Kevin Feige hails Martin Scorsese's Marvel criticism 'unfortunate'

Kevin Feige hails Martin Scorsese's Marvel criticism 'unfortunate'

Kevin Feige has responded to Martin Scorsese's Marvel criticism, describing his attack on the franchise as "unfortunate".

The legendary filmmaker sparked a debate last month by describing Marvel films as "not cinema" and comparing them to "theme parks".

And now the 'Goodfellas' helmer's remarks have been dismissed by the President of Marvel Studios.

Speaking to The Hollywood Reporter's 'Awards Chatter' podcast, Feige said: "I think that's not true. I think it's unfortunate. I think myself and everyone who works on these movies loves cinema, loves movies, loves going to movies, loves to watch a communal experience in a movie theatre full of people."

Scorsese, 76 - who has also helmed blockbusters including 'The Irishman' and 'The Wolf of Wall Street' - recently expanded on his criticism, suggesting that films in the Marvel Cinematic Universe lack "genuine emotional danger".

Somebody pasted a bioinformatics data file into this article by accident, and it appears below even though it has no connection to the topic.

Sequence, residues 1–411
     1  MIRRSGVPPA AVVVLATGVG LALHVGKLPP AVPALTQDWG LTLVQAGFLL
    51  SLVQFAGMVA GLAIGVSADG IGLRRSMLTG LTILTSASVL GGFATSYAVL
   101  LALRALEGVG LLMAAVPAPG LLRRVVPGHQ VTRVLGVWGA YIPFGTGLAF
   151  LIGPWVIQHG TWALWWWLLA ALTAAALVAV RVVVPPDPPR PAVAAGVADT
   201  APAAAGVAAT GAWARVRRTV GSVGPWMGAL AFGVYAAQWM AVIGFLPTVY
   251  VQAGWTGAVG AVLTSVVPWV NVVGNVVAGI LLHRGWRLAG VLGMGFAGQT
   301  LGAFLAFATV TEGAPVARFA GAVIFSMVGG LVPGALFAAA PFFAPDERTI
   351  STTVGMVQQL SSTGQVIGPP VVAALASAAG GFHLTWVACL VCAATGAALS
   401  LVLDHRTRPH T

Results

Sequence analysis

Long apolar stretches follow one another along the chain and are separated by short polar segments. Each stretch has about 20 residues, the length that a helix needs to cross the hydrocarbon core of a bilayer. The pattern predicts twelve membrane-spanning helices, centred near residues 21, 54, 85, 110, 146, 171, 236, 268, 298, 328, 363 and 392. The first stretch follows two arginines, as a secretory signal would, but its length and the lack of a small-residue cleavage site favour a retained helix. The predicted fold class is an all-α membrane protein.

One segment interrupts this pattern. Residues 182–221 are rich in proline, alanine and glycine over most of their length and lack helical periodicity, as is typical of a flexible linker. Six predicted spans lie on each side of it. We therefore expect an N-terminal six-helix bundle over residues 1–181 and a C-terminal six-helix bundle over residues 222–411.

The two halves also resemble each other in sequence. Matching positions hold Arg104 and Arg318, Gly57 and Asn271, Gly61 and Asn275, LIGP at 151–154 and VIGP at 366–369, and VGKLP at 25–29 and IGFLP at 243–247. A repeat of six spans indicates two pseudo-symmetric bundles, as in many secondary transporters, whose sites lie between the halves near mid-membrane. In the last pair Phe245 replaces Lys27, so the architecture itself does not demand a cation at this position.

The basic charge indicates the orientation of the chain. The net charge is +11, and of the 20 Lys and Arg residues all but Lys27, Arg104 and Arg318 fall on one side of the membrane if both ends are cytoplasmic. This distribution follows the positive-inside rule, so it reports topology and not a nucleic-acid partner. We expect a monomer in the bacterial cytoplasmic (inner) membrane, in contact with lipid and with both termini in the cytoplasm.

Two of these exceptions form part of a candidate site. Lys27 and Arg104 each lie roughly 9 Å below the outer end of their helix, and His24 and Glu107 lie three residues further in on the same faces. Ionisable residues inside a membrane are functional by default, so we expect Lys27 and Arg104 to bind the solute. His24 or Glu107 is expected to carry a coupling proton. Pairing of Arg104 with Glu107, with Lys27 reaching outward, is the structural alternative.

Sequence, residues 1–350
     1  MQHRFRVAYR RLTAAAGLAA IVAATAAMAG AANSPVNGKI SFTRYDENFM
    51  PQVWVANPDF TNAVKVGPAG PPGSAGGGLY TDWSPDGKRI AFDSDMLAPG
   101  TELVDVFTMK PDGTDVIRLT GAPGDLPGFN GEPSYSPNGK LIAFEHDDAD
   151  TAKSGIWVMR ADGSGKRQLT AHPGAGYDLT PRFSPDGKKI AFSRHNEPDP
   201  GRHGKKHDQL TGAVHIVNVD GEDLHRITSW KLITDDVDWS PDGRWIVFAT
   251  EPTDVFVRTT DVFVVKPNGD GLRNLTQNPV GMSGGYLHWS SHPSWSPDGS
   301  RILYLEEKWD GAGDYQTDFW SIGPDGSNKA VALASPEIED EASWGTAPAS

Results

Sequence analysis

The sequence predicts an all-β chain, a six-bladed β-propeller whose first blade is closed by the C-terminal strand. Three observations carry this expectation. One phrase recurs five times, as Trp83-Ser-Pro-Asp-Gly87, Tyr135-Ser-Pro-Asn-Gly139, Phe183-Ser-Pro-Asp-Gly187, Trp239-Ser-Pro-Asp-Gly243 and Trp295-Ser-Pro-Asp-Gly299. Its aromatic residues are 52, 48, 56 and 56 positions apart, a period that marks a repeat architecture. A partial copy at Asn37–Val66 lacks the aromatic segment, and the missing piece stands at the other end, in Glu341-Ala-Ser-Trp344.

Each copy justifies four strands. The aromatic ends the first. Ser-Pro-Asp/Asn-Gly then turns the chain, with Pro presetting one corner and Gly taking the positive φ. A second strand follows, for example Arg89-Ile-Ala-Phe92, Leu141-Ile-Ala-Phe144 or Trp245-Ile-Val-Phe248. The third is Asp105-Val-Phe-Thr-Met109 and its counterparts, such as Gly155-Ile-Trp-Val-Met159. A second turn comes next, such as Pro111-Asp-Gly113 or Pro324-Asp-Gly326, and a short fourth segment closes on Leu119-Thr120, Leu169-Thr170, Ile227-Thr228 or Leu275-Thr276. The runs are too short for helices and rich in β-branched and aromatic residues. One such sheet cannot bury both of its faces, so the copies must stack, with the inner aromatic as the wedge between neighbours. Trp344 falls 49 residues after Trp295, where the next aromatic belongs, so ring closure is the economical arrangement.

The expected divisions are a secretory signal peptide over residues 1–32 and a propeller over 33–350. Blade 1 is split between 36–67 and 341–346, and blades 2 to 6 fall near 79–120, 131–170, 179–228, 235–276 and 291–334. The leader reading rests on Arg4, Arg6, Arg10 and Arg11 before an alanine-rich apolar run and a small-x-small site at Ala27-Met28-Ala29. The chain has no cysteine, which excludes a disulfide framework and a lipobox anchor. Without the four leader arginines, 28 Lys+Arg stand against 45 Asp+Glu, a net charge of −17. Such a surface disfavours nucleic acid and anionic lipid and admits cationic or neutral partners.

He wrote: "Many of the elements that define cinema as I know it are there in Marvel pictures. What's not there is revelation, mystery or genuine emotional danger. Nothing is at risk. The pictures are made to satisfy a specific set of demands, and they are designed as variations on a finite number of themes."

However, these claims were rejected by Feige, 46, who believes that the definition of art is subjective.

He said: "Everybody has a different definition of cinema. Everybody has a different definition of art. Everybody has a different definition of risk.

"Some people don't think it's cinema. Everybody is entitled to that opinion. Everyone is entitled to repeat that opinion. Everyone is entitled to write op-eds about that opinion, and I look forward to what will happen next. But in the meantime, we're going to keep making movies."

He also insisted that Marvel have taken risks with their films, and cited 2016's 'Captain America: Civil War', which pits Chris Evans' Captain America against Robert Downey Jr's Iron Man, as a prime example.

He explained: "We did Civil War. We had our two most popular characters get into a very serious theological and physical altercation. We killed half of our characters at the end of a movie (Avengers: Infinity War). I think it's fun for us to take our success and use it to take risks and go in different places."